If the location (or locations) of the remedial work are unknown, there is no rational basis for drawing conclusions about how the existing vegetation at those locations would be improved, nor for drawing similar conclusions about a remediation site's current open space value, recreational value, or visual and aesthetic conditions. The "specific requirements" in Special Condition 35 do not identify what physical actions would be taken in conducting the remedial work (for example, planting red maples of a certain size at particular locations) but instead identify categories of information that the remedial proposal will need to include when it is submitted at some time following permit issuance.

The supplemental statement attached with the CAF stated that, in the absence of the composting facility, the facility's site would continue to be subject to illegal dumping. The statement assumed that the remediation site(s) would not be affected by illegal dumping. The latter assumption cannot be evaluated if the location of the remediation site(s) is unknown. The supplemental statement also does not explain why the Applicant would be unable to clean up and prevent illegal dumping at the compost facility site by other means than leaving the compost facility in place. The supplemental statement's assertion that establishing native plants on the remediation site would facilitate the spread of such plants outside the remediation site itself cannot be evaluated without knowing the location of the remediation site and the general land uses in the area surrounding it.

It is unclear whether a site even exists on which the mitigation work, and environmental improvements, described in the CAF could effectively be accomplished. No party has identified a site or sites, despite this being in question. In as constricted an area as New York City, it cannot be assumed that there is a site available that would meet the description in Special Condition 35 and that, with soil conditioning and planting of vegetation, would provide the environmental amenities described in the CAF addendum. These environmental improvements were relied on by DEC Staff as mitigation in arriving at its determination of consistency.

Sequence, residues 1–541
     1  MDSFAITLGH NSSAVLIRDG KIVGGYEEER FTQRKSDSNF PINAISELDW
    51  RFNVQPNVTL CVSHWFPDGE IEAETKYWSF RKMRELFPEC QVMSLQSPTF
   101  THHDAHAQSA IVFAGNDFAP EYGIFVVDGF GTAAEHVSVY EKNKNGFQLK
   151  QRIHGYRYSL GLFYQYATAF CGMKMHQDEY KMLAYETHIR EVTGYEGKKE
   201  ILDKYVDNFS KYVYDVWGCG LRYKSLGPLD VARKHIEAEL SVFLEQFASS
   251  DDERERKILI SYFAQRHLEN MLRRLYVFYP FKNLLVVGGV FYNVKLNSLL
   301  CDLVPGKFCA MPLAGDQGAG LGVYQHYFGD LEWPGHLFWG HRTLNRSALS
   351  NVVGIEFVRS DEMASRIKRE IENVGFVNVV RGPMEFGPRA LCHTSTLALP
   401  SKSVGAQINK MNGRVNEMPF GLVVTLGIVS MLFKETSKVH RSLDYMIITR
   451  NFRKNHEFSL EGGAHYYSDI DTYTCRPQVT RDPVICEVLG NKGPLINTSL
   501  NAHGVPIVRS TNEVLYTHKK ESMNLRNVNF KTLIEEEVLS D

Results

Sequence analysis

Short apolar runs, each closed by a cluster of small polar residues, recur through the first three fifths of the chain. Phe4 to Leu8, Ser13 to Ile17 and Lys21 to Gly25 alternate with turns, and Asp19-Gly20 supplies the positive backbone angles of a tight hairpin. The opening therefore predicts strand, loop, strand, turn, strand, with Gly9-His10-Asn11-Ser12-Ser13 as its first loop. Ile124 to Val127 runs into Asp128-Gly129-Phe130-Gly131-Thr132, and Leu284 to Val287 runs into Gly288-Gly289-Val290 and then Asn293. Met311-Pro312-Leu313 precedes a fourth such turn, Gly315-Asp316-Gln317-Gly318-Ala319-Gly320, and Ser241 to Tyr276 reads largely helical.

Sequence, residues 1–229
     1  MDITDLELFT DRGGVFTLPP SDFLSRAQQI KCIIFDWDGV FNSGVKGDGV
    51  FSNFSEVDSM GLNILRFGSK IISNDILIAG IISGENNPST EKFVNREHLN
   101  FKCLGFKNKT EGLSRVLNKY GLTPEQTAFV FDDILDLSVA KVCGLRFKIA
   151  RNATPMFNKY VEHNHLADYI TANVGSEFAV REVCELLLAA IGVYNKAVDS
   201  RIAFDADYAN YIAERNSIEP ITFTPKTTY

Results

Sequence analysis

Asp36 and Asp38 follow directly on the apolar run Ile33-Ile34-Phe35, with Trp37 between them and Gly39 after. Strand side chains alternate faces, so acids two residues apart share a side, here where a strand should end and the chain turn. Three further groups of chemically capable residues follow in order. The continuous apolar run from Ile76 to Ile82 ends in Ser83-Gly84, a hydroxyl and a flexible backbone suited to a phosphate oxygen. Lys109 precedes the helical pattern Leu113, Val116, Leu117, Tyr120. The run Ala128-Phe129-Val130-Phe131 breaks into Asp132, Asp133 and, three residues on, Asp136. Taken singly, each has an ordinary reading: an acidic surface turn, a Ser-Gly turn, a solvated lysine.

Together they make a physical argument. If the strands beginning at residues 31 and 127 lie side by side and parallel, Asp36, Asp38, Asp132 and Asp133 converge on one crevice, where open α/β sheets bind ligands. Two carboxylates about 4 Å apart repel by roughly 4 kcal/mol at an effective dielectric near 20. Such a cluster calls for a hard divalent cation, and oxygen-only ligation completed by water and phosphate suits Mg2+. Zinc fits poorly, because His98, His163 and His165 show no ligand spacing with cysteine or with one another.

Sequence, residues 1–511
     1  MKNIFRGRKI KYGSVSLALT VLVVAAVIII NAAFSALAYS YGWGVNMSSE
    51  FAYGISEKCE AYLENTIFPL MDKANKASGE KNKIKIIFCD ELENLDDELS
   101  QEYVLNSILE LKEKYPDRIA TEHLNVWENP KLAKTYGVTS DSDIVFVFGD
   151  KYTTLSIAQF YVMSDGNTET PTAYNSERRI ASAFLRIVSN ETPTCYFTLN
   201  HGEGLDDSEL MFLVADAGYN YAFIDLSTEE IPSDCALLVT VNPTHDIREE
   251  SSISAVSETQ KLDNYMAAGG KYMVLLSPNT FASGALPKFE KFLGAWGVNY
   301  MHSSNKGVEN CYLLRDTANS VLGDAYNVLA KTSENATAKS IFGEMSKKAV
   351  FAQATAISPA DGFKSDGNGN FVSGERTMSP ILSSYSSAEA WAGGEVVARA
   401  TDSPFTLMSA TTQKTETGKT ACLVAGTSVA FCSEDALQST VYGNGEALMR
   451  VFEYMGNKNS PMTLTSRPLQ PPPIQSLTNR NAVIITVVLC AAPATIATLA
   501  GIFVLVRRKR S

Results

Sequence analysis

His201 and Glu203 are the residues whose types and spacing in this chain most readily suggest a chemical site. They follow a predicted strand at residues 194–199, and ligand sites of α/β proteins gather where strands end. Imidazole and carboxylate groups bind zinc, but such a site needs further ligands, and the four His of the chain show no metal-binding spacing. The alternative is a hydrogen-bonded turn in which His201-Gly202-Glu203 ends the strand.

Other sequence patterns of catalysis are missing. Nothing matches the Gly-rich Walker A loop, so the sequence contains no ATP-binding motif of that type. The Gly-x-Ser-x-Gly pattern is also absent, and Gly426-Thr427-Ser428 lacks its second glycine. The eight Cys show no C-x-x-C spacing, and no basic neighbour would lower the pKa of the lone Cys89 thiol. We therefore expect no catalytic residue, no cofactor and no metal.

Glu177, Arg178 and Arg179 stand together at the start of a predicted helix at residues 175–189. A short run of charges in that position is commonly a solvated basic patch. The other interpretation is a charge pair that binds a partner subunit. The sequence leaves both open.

The offset of impacts, that underlies the CAF and the certification of consistency with the LWRP, is conceptually similar to mitigation of adverse impacts under SEQRA, and to mitigation of the loss of wetland values under the Tidal Wetlands Act (ECL article 25) and the Freshwater Wetlands Act (ECL article 24). Similar concepts have been applied in reviewing an application for a permit for dredging and filling in a river under ECL Article 15 and 6 NYCRR part 608.3 An additional area of DEC's authority that involves work to improve soil and habitat in response to regulated activities is the Mined Land Reclamation Law (ECL article 23, title 27; see also, 6 NYCRR parts 420 through 422).